If you’re an animal other than a golden retriever, chances are you’ve had a few representations of you in the media that are a tad bit… unsavory. Everyone loves a dog that can hoop, or a dog that can save a kid from a well, but no one, and I mean no one, loves a tarantula.
Except, of course, my mother, Dani Janae. She has shown me love like no human ever before. We met at a reptile expo, and I was the only tarantula that wasn’t running around in their container like crazy. I kept it calm and cool, so she chose me.
Every now and again she’ll shove her face up against my enclosure and just watch me, which I could do without. But I also could do without people calling me ugly, gross, or scary. Usually, my species is used as a prop to represent a bad omen or “something negative to come.”
I gotta tell ya, it kind of hurts my feelings. Which you wouldn’t imagine from a tarantula because of course you wouldn’t. You might even be asking yourself as you read this “do tarantulas have brains, feelings??” and I’m not gonna dignify that with an answer!
In short, tarantulas are the bad guys in movies and TV. You’ve probably seen tarantulas in music videos with people trying to convey how bad and cool they are. Remember that scene in Home Alone, scared ya right? But ask yourself… why? What is so scary about a furry little spider?
Okay, maybe “little” isn’t appropriate. We can be about the size of your hand if we are allowed to live long enough. So let me tell you a little bit about myself to help assuage some of your fears:
I’m an Arizona Blonde tarantula, or scientific name Aphonopelma Chalcodes. Before we mature into males or females, we are all the same color: brown body and a sort of light tan head with legs covered in those same dark blonde hairs. When my mom got me she was told I was female, the most desirable in the tarantula-keeping hobby because females live longer (up to 30 years). But after more than a year of living with her, I surprised her by molting and revealing that I was a male.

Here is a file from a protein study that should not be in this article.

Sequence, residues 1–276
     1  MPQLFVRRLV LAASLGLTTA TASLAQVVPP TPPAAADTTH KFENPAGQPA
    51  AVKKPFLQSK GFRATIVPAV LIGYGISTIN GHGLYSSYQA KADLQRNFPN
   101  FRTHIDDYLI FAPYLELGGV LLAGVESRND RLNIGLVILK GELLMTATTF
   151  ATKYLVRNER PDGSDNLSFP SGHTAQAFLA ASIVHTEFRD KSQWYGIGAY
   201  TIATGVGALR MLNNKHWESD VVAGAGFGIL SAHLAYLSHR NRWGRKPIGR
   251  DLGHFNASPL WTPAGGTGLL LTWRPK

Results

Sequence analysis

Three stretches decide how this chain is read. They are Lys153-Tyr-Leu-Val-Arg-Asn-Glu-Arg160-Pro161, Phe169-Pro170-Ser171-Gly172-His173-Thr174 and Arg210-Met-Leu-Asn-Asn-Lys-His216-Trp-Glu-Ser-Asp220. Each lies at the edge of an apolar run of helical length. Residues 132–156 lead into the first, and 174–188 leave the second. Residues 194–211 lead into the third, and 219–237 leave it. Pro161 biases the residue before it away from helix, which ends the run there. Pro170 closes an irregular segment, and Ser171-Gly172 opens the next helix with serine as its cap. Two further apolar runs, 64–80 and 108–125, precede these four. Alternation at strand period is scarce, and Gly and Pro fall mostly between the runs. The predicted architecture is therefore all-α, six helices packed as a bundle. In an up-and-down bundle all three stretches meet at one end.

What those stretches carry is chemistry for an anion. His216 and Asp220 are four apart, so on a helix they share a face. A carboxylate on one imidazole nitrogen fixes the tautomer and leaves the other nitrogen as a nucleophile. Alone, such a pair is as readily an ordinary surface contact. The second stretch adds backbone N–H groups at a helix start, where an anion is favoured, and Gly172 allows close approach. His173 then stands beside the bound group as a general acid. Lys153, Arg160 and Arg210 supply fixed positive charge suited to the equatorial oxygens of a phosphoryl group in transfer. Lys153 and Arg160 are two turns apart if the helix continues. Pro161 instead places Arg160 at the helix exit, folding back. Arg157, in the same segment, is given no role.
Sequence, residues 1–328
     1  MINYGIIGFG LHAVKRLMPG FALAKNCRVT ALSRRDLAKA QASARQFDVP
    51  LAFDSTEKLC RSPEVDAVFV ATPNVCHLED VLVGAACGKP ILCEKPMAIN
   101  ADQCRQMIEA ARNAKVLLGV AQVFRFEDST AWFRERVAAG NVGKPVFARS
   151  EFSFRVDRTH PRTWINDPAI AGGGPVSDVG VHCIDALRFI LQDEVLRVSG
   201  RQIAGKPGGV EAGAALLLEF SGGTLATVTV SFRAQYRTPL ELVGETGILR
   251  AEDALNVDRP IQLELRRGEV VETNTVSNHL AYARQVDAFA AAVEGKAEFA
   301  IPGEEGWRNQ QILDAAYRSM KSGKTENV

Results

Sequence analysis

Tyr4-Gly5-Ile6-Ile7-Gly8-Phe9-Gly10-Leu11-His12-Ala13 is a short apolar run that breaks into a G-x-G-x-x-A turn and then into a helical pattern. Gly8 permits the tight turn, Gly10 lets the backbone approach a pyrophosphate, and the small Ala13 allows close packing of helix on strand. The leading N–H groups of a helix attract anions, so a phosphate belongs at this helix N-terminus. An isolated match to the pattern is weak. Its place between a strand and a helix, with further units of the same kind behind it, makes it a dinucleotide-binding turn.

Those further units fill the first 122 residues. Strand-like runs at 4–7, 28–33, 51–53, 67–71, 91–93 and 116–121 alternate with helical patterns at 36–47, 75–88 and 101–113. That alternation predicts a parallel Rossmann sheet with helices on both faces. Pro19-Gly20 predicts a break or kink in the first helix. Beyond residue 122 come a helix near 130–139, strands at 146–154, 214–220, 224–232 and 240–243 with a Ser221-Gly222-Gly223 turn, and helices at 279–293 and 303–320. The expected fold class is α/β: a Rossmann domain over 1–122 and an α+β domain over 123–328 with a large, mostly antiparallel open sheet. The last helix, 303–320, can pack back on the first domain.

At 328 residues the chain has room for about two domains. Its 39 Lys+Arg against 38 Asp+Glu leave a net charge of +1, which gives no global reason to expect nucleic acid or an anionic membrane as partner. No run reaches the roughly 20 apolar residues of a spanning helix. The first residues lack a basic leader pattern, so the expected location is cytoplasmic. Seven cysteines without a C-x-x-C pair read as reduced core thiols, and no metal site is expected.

Males of the species have a bronze head, reddish body, and jet black legs. I know I know, you’re thinking “let’s skip the formalities and talk about the damn fangs!” Yes, I do have fangs. They are jet black as well, as with most tarantulas. When our fangs are white, that means we’ve just molted and are fragile and shouldn’t be handled or touched.
My mom says she’s seen me in a ton of movies and TV shows, from Home Alone, to The Brady Bunch, to…I’m sorry…Mr. Magoo?? My mom says the tarantula in the Brady Bunch scene looks how I used to look before I molted!
Okay but back on track. It really sucks to have people call you a monster or fear you when really, you’re trying to just live your life and humans keep using you as props or getting in your way when you’re on the hunt for a lady tarantula. And believe me, I’m on the hunt. So is my mother, and if someone— for the love of God—- would date her, maybe she’d spend less time obsessing over me.
Yes, we do have those huge fangs, and we do bite, but only if we’re super hungry and your finger is looking like a lil snack. Most tarantulas or offensive, not defensive. And biting is like…our last line of defense. We’ll throw a threat pose or kick hairs before we bite you if you’re messing with us.
What’s a threat pose? It’s when we rear up on our back legs, and show our fangs, sometimes slapping the ground. What does “kick hairs” mean? It’s when we don’t like what you’re doing so we use our back legs to rub the hair off our butts. The hair, depending on the species, can be a little itchy or can feel like glass on the skin so you don’t want to inhale it or get it in your eyes.
Also, most of us don’t have medically significant venom, meaning (unless you’re allergic) a bite can be comparable to a bee sting if you’re a full-grown adult. If you are a child or elderly things might get dicey for you but again, if you stay away and don’t mess with us you won’t have to deal with it.
I know most of these sets have animal handlers on them but some of them don’t do a very good job of handling the situation if you know what I mean. If you see a tarantula on screen it might be one of the more docile breeds like a Rose Hair (a little pinkish) or a Curly Hair (wild furry body).
I would be remiss if I didn’t mention 1955’s “Tarantula” an entire movie dedicated to comically large tarantulas that wrecked a whole town.
Why can’t we be the hero tarantula that bites an intruder or just minds their own business as we usually do? Why all this riff-raff about being the horror that someone has to encounter unwillingly? Why can’t I dribble a basketball for once?!
Thank you to the people at Autostraddle for providing me with this platform. I feel seen, I feel heard, I feel hungry what’s for dinner??